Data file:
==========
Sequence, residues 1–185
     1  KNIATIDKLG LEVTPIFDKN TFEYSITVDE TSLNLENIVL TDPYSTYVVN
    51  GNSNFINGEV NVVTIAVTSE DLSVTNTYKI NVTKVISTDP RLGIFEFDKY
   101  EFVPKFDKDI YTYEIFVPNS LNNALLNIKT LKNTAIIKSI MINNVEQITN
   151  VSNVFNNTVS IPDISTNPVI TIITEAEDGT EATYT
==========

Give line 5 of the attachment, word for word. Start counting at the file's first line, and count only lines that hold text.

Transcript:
   151  VSNVFNNTVS IPDISTNPVI TIITEAEDGT EATYT